Joe Maddon on soon-to-be retired Giants manager Bruce Bochy: 'A ton of respect'

Longtime San Francisco Giants manager Bruce Bochy announced Monday that he will retire following the 2019 MLB season.

Bochy, 63, is the longest-tenured manager in baseball; Cubs manager Joe Maddon is the fourth-most tenured, trailing Bochy, Terry Francona, Clint Hurdle.

Maddon said that Bochy will be missed following the latter's announcement on Monday.

Maddon was an American League manager with the Tampa Bay Rays for much of Bochy's managerial career. However, the two have had several memorable matchups since Maddon arrived in Chicago in 2015.

In August 2015, the Cubs entered a four-game series with the Giants trailing San Francisco by a half game for the second spot in the wild-card standings. The Cubs not only caught the Giants that weekend, but they won all four games, taking a 3.5 game lead over San Francisco.

To be fair, the Giants did win two of three against the Cubs later that month. However, that four-game series propelled the Cubs to their first postseason berth since 2008. Including their sweep over the Giants, the Cubs finished the month with a 19-9 record, tied for their most wins in a single month all season.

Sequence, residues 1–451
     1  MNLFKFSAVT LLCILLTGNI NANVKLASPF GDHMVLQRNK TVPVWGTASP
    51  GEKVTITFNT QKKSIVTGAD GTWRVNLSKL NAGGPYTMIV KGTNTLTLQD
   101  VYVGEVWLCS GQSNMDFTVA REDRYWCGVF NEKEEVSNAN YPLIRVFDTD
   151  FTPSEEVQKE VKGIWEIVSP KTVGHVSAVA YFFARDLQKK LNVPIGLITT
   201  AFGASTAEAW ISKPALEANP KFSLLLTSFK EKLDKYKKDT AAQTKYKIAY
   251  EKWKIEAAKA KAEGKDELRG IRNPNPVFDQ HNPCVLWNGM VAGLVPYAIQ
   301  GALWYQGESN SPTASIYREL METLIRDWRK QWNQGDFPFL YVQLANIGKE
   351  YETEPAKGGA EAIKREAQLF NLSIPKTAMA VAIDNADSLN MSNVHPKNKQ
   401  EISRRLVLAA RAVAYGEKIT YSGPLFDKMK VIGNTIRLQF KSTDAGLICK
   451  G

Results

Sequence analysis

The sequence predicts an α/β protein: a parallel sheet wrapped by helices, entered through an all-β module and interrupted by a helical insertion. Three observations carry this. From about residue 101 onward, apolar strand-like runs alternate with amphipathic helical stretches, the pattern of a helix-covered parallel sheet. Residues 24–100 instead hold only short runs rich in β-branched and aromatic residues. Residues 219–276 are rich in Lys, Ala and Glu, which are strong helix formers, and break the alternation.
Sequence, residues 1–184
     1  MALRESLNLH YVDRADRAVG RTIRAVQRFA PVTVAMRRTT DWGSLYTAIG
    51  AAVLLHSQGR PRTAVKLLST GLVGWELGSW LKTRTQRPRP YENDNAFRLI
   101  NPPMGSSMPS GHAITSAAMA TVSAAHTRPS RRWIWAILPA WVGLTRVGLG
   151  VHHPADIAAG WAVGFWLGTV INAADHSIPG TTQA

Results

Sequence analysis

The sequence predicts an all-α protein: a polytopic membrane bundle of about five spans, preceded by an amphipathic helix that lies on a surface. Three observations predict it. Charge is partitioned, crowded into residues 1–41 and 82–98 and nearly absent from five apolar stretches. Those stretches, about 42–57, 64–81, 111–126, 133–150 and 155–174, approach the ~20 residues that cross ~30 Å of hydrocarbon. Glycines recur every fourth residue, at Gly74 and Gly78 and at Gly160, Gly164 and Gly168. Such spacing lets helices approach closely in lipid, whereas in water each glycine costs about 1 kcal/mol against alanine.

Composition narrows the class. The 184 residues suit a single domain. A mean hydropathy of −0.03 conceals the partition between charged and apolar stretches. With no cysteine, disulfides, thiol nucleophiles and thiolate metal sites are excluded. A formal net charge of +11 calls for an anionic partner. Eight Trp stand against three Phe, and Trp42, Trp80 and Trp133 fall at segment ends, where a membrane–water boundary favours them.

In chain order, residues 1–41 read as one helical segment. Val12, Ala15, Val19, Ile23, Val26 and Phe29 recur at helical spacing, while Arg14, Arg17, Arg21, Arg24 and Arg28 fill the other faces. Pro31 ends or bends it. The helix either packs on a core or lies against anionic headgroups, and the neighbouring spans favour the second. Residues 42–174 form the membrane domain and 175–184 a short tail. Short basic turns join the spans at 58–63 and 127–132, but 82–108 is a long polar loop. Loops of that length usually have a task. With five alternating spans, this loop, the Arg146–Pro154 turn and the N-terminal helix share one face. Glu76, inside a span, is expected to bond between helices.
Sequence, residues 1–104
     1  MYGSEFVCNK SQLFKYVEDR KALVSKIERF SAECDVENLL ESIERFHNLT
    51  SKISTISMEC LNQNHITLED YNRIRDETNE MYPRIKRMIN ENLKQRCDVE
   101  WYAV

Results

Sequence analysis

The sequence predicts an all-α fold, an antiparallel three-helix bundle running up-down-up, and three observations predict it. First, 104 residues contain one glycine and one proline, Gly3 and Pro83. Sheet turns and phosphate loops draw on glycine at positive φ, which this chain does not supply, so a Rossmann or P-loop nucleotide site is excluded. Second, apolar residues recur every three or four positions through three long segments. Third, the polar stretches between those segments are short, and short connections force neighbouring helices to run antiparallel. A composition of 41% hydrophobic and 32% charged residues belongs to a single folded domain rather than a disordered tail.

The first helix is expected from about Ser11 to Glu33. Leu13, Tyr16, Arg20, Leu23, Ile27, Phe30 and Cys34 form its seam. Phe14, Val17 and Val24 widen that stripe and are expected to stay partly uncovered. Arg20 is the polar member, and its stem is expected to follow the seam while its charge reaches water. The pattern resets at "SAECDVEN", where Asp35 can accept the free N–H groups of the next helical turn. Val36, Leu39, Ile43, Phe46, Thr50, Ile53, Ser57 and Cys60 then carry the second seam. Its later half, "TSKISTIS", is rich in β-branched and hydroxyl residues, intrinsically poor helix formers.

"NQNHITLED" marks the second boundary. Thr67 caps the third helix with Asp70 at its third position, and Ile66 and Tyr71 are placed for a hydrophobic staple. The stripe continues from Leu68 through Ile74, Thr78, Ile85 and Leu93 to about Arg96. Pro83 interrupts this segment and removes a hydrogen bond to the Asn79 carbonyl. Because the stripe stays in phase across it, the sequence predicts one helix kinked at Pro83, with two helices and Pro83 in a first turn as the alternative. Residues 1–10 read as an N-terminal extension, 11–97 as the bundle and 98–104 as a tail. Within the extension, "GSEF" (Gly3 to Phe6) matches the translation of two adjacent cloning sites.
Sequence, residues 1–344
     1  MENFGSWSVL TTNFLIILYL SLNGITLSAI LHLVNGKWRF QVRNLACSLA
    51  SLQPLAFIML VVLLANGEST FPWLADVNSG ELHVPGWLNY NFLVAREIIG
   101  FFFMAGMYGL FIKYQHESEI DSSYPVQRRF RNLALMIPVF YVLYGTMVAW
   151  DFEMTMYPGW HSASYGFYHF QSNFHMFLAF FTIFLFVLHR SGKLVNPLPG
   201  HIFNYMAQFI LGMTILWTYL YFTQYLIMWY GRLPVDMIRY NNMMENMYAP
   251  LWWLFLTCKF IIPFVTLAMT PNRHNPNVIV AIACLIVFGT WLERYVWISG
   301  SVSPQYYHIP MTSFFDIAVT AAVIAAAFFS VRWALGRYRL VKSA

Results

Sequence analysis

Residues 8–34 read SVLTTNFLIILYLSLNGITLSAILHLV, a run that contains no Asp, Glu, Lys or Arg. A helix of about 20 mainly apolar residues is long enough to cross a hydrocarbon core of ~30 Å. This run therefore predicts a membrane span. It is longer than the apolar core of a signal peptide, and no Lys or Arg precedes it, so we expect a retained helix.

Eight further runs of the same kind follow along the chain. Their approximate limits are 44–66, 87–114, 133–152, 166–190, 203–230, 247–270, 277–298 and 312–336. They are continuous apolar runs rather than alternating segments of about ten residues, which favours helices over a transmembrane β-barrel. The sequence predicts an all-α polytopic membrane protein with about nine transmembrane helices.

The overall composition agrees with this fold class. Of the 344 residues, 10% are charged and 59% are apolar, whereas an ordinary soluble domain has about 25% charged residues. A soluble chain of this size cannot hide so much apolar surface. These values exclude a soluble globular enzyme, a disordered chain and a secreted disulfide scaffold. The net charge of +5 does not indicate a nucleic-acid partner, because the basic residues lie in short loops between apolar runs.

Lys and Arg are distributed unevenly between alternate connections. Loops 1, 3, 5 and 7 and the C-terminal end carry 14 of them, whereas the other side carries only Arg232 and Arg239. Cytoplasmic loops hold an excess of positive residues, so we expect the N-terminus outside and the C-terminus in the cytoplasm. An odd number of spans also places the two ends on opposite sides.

Cubs fans don't have to be reminded about the "other" recent big series against the Giants. The two sides squared off in the NLDS in 2016, a series that the Cubs won 3-1 to advance to the NLCS for the second-consecutive year.

The Cubs-Giants NLDS had a little bit of everything. Game 1 featured a pitchers' duel for the ages between Johnny Cueto and Jon Lester. With the game tied 0-0 in the bottom of the eighth, though, Javier Báez crushed a solo home run to give the Cubs a 1-0 lead, the game's eventual final score.

Game 2 pitted Kyle Hendricks against former-Cubs starter Jeff Samardzija. Hendricks exited following 3 2/3 innings after taking a line drive off of his right forearm. Travis Wood entered the game in place of Hendricks, hitting a solo home run off of new-Cubs reliever George Kontos. The Cubs eventually won 5-2 to take a 2-0 series lead.

Game 3 was a 13-inning marathon that the Cubs lost 6-5. However, it was memorable for Jake Arrieta launching a three-run home run off of Giants ace Madison Bumgarner and Albert Almora Jr. robbing Buster Posey with a diving catch to end the nighth inning.

And then, to cap off a tremendous series, the Cubs rallied to erase a 5-2 deficit in the ninth inning of Game 4. The Cubs scored four runs off of five Giants relievers, taking a 6-5 lead before Aroldis Chapman slammed the door in the bottom half of the inning, clinching the series for the Cubs.

The Cubs and Giants face-off six times in 2019. Fans can take-in Bochy versus Maddon either July 22-24 in San Francisco or Aug. 20-22 in Chicago.